Utah lawmaker pulls back proposed constitutional amendment to create appointed State School Board


Article Source

A freshman representative pulled back Monday a proposed constitutional amendment that would have asked voters whether to change the elected State School Board to a nine-member board appointed by the governor.

After more than an hour of testimony and debate on HJR13, Rep. Melissa Garff Ballard, R-North Salt Lake, asked the House Education Committee to hold the bill and refer companion legislation, HB242, to a task force.

The resolution was supported by two former members of the State School Board, Spencer Stokes and Leslie Castle.

Stokes said no one knows their elected State School Board member.

“No one knows which bums to vote out,” he said.

He questioned whether the board is accountable if few people know the elected board members or attend their meetings. He noted that there were more people in the committee hearing than ever attend state school board meetings.

Castle said she served two terms on the elected school board and learned that “a union” elected State School Boards, referring to the Utah Education Association.

Rich Kendell, a former Utah Commissioner of Higher Education who worked with the appointed Board of Regents and a former associate state superintendent who worked for the elected Utah State Board of Education, said the appointed body “attracted some really exemplary people.”

Elected school board members, meanwhile, telephoned top administrators “three or four times a day, essentially trying to micromanage public education,” he said.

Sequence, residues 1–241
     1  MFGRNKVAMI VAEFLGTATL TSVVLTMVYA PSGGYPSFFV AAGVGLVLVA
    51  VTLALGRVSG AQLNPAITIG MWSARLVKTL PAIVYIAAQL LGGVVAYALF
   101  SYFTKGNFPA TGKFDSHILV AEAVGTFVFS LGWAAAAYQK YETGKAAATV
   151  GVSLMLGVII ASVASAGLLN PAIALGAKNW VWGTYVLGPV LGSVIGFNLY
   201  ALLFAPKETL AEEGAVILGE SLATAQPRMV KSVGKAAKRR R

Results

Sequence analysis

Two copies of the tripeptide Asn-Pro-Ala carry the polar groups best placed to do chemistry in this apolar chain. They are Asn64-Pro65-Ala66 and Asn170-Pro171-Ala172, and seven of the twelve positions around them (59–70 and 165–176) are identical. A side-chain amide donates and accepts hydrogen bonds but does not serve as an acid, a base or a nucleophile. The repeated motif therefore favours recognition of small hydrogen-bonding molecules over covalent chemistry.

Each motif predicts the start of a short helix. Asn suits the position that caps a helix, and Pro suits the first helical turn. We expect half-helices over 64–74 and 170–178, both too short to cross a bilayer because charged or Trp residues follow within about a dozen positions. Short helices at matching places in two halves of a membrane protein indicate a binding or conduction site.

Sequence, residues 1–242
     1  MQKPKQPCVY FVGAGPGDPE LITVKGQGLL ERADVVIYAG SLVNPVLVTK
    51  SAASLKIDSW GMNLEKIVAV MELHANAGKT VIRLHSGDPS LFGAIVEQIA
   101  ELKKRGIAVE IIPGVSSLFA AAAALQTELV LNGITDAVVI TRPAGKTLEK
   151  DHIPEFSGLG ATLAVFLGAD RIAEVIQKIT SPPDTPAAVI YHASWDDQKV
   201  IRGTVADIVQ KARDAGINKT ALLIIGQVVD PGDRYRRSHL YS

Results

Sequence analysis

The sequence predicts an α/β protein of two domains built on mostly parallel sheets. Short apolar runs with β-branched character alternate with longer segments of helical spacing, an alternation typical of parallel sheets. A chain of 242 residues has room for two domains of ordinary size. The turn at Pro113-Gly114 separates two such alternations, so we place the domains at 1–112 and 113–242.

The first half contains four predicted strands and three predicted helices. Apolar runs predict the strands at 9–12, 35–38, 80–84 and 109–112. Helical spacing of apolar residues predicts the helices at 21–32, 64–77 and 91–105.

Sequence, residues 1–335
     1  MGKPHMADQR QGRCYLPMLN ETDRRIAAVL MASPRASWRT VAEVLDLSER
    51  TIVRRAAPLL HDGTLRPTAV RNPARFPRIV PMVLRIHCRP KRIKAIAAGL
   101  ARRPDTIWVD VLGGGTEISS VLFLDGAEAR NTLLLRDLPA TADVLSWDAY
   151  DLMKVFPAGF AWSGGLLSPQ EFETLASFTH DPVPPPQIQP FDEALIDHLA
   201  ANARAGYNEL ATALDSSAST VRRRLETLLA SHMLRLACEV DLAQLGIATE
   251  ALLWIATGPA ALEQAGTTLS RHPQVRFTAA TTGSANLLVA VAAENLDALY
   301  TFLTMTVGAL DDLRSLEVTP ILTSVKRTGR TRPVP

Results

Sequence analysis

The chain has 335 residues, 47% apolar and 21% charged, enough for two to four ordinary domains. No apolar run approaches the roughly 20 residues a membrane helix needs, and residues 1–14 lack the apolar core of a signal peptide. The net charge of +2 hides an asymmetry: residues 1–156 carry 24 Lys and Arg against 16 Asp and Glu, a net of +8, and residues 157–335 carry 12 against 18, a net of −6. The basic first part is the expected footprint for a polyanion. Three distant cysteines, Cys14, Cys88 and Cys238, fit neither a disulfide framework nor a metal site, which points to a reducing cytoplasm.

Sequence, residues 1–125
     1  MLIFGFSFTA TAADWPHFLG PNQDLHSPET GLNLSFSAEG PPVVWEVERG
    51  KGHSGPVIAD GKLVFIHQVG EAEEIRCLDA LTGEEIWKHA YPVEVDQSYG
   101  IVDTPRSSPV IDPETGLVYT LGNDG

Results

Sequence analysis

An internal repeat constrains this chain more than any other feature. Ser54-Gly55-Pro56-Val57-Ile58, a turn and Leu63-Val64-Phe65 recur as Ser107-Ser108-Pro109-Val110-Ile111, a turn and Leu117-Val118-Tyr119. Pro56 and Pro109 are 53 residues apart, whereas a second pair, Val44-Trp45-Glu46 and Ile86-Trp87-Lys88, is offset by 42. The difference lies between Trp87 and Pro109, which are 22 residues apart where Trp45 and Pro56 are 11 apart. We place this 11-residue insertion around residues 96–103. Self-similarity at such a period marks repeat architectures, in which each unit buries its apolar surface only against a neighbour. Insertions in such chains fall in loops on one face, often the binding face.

Ballard’s proposal envisioned an appointed board of nine people — one representative in each congressional district and five at-large positions with one of them representing charter schools. Their terms would be six years.

The current State School Board took a vote of opposition to the bill last week.

Board members Jennie Earl and Carol Lear both spoke in opposition to the bill.

Lear said the State School Board is accountable to the Utah Legislature, voters and other constituencies. The “efficiency” of a governor’s appointment would diminish democracy, she said.

Chase Clyde, representing UEA, countered Castle’s comments that state board elections are largely controlled by the teachers union.

Despite spending “scary union money” to support candidates’ campaigns, Clyde noted the presence of elected board members on the front row of audience who were not backed by the UEA.

A similar resolution was considered by the Utah Legislature in 2018, which would have vested the board’s powers in a governor-appointed state superintendent. The resolution, sponsored by Sen. Jim Dabakis, D-Salt Lake City, passed overwhelmingly in the Utah Senate but was soundly defeated by the House of Representatives in the waning hours of the session.

Meanwhile, the board, lawmakers and others await a Utah Supreme Court’s decision on whether a statute passed by the Utah Legislature in 2016 that calls for partisan State School Board elections is constitutional.

A lower court ruled that the law conflicts with the Utah Constitution.

That decision was appealed by state attorneys on behalf of Lt. Gov. Spencer Cox, the lone defendant in the case.

Correction: An earlier version misquoted Chase Clyde of the Utah Education Association saying “dirty” union money was being used to fund State School Board campaigns. He actually called it “scary union money.”

Leave a Reply

Your email address will not be published. Required fields are marked *

Time limit is exhausted. Please reload the CAPTCHA.